Incorrect Radiology Image Interpretation Due to Non-Calibrated Displays
What is teleradiology?
Teleradiology is the exchange of digital images such as x-rays, MRIs, and CT scans between healthcare providers in different locations through electronic communication for the purposes of diagnosis and consultation.
What is required to perform teleradiology?
To perform teleradiology in the U.S., physicians must meet licensing requirements to practice telemedicine in the state in which they are acquiring and interpreting the study.
The ACR Task Force on International Teleradiology notes that “Physicians performing teleradiology services must have training equivalent to those physician providers of imaging services at that health care institution receiving these services.” The task force also states teleradiologists must engage in ongoing learning throughout their career to maintain skills related to the work they perform.
What’s the difference between diagnostic vs. non-diagnostic monitors?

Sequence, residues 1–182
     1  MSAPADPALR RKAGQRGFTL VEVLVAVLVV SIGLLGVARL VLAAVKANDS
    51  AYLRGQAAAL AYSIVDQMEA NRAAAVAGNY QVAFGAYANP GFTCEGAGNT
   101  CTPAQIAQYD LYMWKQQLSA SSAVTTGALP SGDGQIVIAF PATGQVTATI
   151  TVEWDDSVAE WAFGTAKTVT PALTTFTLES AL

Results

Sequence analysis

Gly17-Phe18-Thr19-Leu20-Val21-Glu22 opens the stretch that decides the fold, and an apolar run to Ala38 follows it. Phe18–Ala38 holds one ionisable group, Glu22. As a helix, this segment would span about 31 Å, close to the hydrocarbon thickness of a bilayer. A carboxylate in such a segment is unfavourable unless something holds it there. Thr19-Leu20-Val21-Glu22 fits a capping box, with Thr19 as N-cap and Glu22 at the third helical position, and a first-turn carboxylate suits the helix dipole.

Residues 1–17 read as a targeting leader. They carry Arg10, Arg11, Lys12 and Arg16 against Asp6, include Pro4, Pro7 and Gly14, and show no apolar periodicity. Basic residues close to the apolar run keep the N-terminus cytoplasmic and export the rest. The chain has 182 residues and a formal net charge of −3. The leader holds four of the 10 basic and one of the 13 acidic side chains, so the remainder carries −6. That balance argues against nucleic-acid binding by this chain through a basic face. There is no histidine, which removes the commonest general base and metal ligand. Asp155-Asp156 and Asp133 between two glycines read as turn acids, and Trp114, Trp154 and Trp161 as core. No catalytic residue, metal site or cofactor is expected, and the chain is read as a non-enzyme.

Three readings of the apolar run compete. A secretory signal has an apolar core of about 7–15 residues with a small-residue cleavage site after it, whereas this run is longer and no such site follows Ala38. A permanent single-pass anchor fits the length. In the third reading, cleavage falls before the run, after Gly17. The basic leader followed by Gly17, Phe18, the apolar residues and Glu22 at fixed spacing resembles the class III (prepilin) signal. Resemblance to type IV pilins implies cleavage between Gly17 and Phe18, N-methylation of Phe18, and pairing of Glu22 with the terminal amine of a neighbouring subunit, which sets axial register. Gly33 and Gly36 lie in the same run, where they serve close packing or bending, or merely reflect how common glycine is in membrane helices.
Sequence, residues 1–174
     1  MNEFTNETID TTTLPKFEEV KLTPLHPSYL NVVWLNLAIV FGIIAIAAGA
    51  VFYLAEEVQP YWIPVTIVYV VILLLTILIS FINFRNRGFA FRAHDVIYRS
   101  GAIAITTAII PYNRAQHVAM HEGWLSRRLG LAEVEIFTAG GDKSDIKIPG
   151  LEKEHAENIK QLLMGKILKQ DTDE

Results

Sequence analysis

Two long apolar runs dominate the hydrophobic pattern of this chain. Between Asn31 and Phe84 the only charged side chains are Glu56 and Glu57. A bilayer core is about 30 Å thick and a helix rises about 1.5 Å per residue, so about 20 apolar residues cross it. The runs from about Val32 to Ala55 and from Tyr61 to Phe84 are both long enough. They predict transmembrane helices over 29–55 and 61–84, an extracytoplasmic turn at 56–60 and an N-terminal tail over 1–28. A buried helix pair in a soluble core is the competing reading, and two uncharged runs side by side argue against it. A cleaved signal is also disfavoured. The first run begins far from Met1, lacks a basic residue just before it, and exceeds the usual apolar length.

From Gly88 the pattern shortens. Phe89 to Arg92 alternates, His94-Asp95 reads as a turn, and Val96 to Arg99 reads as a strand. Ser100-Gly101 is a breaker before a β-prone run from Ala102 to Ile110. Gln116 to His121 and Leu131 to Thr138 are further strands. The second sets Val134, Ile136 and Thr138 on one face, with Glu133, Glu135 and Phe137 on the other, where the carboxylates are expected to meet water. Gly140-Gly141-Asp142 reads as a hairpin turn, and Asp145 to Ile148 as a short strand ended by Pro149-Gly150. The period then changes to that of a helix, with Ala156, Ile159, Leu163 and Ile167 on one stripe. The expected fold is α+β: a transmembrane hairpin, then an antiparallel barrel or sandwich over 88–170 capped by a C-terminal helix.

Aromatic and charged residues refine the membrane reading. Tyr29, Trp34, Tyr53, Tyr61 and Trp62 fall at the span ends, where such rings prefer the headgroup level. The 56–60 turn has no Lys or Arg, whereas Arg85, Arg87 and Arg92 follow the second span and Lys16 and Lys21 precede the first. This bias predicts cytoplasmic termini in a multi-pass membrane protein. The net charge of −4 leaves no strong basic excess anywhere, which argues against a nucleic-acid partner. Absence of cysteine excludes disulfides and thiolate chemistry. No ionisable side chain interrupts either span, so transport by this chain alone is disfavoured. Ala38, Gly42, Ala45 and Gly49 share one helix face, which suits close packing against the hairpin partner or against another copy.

In the ACR–AAPM–SIIM Technical Standard for Electronic Practice of Medical Imaging, diagnostic monitors or displays are also known as primary interpretation displays while non-diagnostic displays are referred to as secondary displays. The standard identifies specific technical requirements important for the image quality of diagnostic monitors while non-diagnostic monitors do not require the same specifications. These technical specifications help ensure the correct spatial and contrast resolution of images that is necessary for accurate interpretation.
In their review article examining the impact of computer display performance on the quality of digital imaging, Butt, Mahoney, & Savage (2012) highlight that compliance to the Digital Imaging and Communications in Medicine (DICOM) Part 14 Greyscale Standard Display Function “standards is considered critical and represents the most important difference separating medical grade displays from standard or commercially available devices.”
To understand the difference between diagnostic monitors vs. non-diagnostic monitors or commercial off-the-shelf (COTS) monitors, it’s helpful to review the ACR–AAPM–SIIM–SPR Practice Parameter for Digital Radiography. In this document, equipment specifications for diagnostic monitors are outlined and adherence to these guidelines is “strongly recommended”.
This document identifies specific display characteristics diagnostic monitors should have to ensure high quality imaging. These characteristics include luminance response and pixel pitch and display size.